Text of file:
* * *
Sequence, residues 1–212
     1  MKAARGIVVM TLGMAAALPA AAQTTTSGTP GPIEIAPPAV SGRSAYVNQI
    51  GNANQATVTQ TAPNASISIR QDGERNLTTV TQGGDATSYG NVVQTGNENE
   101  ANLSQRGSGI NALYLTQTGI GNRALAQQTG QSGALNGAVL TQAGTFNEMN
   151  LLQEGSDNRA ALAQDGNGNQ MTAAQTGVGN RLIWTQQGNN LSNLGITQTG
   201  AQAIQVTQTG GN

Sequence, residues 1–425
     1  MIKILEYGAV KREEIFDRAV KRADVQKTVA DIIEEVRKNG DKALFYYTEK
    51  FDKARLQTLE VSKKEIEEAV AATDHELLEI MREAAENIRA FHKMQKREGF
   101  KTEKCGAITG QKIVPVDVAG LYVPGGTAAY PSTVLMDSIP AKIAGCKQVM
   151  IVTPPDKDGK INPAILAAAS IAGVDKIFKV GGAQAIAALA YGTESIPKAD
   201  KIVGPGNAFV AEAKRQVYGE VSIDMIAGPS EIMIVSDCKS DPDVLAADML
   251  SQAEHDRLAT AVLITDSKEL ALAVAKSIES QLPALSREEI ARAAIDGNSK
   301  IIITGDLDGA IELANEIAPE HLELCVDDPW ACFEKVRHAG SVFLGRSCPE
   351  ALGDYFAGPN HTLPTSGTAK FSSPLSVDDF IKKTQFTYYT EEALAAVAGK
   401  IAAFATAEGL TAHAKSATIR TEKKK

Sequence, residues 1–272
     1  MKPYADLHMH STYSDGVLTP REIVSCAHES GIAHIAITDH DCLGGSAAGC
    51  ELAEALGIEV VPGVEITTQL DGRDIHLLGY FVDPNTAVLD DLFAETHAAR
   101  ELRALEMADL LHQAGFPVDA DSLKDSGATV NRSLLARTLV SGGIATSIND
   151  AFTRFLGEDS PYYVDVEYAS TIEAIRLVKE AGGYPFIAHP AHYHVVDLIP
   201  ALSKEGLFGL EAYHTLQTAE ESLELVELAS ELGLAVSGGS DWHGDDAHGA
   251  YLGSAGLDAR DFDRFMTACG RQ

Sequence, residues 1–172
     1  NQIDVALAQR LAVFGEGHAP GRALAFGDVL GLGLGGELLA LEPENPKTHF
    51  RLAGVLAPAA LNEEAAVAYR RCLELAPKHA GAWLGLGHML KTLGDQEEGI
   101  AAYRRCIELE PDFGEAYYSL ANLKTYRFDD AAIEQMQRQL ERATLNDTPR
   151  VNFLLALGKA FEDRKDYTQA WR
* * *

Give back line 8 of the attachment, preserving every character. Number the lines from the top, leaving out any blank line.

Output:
     1  MIKILEYGAV KREEIFDRAV KRADVQKTVA DIIEEVRKNG DKALFYYTEK